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HIV Vaccine Research Efforts Should Be Scaled Up

Ruzanna Harutyunyan's picture

Although results of HIV vaccine research have been "unrelentingly negative" in recent years, scientists still should increase efforts to develop a vaccine, HIV/AIDS experts said Monday during a workshop at the XVII International AIDS Conference in Mexico City, Toronto's Globe and Mail reports (Picard, Globe and Mail, 8/5).

According to AFP/Google.com, of the 50 HIV vaccine candidates that have been tested in humans, only two reached Phase III trials, and both of those were found to be ineffective. About 30 vaccine candidates currently are in trials, AFP/Google.com reports (AFP/Google.com, 8/4).

At the workshop, Tadataka Yamada, executive director of the global health program at the Bill & Melinda Gates Foundation, said that although HIV vaccine development is difficult, its benefits could be tremendous. "The challenges are huge, but I have no doubt that we will live in a world without HIV some day," Yamada said, adding that vaccine researchers need to be "unafraid to fail" (Globe and Mail, 8/5).

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Yamada added that funding and collaboration for vaccine research need to be increased to avoid wasted or duplicated efforts. "We need big investments for the future ... not only in the basic science of HIV prevention, but also in clinical trials for an HIV vaccine," Yamada said. Yamada also said researchers should focus on basic research to fill fundamental gaps in knowledge about how HIV attacks the immune system (AFP/Google.com, 8/4).

Alan Bernstein, executive director of the Global HIV Vaccine Enterprise, added that researchers' "objective should be to stop" HIV and that the "best way to do so is with a vaccine." Bernstein said a major challenge in vaccine research is unrealistic expectations from the public. "We need to get away from this home-run mentality to research," he said.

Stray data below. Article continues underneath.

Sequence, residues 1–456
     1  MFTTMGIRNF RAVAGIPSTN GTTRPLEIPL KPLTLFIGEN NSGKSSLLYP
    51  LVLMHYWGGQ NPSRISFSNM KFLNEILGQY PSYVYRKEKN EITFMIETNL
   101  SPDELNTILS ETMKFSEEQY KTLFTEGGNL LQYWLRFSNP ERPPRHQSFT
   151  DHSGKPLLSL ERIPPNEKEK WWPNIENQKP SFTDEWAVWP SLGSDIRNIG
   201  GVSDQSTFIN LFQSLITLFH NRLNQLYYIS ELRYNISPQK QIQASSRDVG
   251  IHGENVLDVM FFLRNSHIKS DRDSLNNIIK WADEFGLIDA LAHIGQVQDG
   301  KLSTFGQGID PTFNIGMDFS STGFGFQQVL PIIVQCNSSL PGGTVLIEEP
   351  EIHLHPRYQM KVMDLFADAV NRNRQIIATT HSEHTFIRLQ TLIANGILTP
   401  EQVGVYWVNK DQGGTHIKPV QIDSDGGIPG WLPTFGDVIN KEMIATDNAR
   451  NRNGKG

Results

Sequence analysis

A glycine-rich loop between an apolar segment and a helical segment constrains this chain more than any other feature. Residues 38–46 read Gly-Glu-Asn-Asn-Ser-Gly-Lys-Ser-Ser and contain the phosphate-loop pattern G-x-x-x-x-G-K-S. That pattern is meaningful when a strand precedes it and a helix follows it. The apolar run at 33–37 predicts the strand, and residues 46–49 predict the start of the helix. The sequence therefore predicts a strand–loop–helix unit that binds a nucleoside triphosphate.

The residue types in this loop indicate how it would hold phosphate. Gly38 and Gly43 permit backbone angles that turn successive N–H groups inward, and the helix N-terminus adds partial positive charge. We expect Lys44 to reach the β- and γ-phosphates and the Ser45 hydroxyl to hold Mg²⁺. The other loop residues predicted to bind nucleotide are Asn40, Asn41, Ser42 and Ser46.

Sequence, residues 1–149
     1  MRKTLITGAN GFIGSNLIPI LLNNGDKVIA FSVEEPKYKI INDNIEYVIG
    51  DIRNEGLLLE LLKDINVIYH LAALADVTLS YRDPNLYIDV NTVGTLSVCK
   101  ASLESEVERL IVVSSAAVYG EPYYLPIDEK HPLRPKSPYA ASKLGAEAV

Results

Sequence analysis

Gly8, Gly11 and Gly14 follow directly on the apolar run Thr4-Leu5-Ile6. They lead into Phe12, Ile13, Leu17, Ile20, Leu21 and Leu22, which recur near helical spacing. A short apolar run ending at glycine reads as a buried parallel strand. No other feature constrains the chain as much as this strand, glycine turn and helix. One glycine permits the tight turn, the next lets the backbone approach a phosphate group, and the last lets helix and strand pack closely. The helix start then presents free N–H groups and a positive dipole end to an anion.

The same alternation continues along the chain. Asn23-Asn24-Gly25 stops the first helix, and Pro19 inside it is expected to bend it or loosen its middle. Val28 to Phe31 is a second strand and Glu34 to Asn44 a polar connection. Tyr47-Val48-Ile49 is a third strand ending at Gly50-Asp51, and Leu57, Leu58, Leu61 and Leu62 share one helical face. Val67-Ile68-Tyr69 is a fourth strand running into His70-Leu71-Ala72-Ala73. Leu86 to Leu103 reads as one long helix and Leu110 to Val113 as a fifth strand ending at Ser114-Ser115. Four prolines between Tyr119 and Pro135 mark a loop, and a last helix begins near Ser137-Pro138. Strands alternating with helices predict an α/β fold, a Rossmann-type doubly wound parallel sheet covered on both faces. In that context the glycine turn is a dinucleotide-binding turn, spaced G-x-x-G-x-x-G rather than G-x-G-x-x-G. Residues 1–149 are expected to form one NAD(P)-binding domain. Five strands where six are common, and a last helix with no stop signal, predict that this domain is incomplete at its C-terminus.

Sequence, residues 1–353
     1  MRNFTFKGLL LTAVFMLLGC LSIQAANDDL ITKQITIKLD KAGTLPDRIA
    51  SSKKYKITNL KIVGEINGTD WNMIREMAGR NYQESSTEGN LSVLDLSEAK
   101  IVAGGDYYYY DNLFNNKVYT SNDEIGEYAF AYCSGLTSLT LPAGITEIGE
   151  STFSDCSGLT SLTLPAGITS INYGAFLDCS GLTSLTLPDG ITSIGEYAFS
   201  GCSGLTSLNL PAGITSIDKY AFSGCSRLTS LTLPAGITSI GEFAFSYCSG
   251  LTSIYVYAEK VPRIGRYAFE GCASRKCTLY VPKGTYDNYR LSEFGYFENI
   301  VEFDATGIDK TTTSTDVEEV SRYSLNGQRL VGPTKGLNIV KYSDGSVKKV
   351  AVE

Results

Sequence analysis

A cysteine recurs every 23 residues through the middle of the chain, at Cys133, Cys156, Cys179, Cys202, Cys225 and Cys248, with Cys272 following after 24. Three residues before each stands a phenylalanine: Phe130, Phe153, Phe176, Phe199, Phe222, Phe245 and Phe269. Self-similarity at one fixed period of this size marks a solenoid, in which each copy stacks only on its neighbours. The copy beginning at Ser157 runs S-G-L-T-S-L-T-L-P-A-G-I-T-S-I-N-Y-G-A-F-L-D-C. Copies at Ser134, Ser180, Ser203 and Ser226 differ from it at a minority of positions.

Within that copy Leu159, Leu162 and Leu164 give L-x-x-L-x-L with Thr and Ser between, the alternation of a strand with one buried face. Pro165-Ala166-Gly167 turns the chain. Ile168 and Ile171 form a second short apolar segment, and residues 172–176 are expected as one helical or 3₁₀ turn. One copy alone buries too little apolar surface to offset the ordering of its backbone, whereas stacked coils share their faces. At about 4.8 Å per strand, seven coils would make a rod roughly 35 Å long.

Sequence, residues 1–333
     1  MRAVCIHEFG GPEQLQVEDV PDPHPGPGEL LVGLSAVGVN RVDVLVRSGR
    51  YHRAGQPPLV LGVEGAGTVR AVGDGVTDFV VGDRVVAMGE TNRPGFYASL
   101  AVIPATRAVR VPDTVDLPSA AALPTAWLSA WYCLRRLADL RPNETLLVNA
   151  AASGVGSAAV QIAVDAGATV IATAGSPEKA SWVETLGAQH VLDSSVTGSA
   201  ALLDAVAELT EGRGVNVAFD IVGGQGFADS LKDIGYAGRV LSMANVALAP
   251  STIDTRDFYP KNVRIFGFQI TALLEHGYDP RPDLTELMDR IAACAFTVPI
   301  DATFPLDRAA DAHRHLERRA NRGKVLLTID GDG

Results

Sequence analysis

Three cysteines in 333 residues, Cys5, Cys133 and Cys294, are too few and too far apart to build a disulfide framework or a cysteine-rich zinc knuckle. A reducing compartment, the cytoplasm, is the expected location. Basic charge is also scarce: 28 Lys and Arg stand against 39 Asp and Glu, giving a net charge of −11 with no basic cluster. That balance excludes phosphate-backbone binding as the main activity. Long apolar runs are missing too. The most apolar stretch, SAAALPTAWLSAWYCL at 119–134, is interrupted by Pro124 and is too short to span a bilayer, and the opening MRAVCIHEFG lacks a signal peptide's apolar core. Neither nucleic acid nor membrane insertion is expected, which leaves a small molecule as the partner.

Seth Berkley, president and CEO of the International AIDS Vaccine Initiative, said although there are many biological and social challenges in developing an HIV vaccine, a vaccine is "possible." He added that scientists, corporations and governments should redouble their commitments to vaccine research rather than be discouraged by recent setbacks in HIV vaccine research (Globe and Mail, 8/5). The researchers added that although they are optimistic, a potential breakthrough in vaccine development is several years away (AFP/Google.com, 8/4).

The researchers at the workshop also discussed the development of microbicides. Zeda Rosenberg, CEO of the International Partnership for Microbicides, said she is still optimistic about the research despite the "series of barriers" involved (Globe and Mail, 8/5). According to AFP/Google.com, there have been nine completed or halted trials of microbicide candidates, one of which found an increased risk of HIV transmission. Five microbicide candidates are in the early stages of trials, AFP/Google.com reports (AFP/Google.com, 8/4).

Reprinted with permission from kaisernetwork.org. You can view the entire Kaiser Daily HIV/AIDS Report, search the archives, and sign up for email delivery at kaisernetwork.org/email . The Kaiser Daily HIV/AIDS Report is published for kaisernetwork.org, a free service of The Henry J. Kaiser Family Foundation. © 2007 Advisory Board Company and Kaiser Family Foundation. All rights reserved.